Anne of Green Gables is a bestselling novel by Canadian author Lucy Maud Montgomery. Written for all ages, it has been considered a children's novel since the mid-twentieth century.
Anne is described as bright and quick, eager to please, talkative, and extremely imaginative. She has a pale face with freckles and usually braids her red hair. When asked her name, Anne asks Marilla to call her Cordelia, which Marilla refuses; Anne then insists that if she is to be called Anne, it must be spelled with an e, as that spelling is "so much more distinguished."
Marilla at first says the girl must return to the orphanage, but after a few days she decides to let her stay. Marilla feels that she could be a good influence on the girl and had also overheard that another disagreeable woman in town might take Anne in instead. As a child of imagination, Anne takes much joy in life and adapts quickly, thriving in the close-knit farming village.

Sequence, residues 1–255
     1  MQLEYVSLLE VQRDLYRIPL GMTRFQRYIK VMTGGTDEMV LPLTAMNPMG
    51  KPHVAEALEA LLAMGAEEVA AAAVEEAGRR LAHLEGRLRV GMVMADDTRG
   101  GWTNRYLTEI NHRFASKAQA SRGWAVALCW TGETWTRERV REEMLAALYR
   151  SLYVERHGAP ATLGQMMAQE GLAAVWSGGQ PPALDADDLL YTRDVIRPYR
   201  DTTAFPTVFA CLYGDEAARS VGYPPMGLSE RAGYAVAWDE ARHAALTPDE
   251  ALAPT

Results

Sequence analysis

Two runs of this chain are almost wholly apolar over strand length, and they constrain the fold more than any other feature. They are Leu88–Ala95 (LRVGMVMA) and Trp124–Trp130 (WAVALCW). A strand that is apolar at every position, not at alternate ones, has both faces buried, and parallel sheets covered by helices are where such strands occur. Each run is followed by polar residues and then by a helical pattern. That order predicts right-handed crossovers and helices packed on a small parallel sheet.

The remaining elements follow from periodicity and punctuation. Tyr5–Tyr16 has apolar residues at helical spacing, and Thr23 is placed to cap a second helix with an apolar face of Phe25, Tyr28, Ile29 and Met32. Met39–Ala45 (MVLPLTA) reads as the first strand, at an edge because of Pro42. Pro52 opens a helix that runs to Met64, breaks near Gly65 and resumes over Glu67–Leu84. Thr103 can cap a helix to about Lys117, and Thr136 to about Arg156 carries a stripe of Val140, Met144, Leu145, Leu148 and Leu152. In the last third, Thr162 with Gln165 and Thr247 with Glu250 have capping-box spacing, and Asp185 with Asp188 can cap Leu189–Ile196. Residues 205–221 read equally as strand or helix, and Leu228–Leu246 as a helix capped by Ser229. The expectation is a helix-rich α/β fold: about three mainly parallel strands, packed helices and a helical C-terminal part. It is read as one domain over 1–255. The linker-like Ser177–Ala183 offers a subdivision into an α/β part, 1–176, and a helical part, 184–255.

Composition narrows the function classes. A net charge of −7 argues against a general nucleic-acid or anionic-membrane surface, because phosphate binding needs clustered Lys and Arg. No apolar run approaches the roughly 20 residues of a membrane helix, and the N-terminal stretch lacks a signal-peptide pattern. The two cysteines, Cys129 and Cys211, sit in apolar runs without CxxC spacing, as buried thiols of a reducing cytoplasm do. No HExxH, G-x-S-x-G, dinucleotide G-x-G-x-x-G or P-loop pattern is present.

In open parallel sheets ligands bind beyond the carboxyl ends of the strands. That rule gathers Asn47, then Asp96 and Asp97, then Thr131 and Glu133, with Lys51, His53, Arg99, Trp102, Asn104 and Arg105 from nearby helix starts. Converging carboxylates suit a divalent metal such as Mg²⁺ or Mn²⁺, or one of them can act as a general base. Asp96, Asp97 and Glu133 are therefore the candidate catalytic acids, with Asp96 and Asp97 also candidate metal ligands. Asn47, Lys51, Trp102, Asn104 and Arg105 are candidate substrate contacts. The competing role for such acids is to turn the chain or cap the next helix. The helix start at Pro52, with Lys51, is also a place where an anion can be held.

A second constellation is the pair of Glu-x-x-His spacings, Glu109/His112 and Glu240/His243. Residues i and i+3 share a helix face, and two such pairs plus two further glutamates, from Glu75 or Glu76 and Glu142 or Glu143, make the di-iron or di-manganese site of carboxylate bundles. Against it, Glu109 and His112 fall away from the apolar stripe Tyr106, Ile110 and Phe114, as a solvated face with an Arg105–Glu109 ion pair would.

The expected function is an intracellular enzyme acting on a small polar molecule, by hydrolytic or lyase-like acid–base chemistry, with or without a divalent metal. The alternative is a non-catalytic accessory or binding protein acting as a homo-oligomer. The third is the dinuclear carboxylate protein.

Written as fiction for readers of all ages, since the mid-twentieth century, the literary classic has been considered a children's novel.
It recounts the adventures of Anne Shirley, a young orphan girl sent to a middle-aged brother and sister who have a farm on Prince Edward Island, and who had intended to adopt a boy to help them.
The novel recounts how Anne makes her way with the Cuthberts, in school and the town. Since publication, Anne of Green Gables has sold more than 50 million copies which is a whole lot considering it was written about a redhead! It has been translated into 20 languages.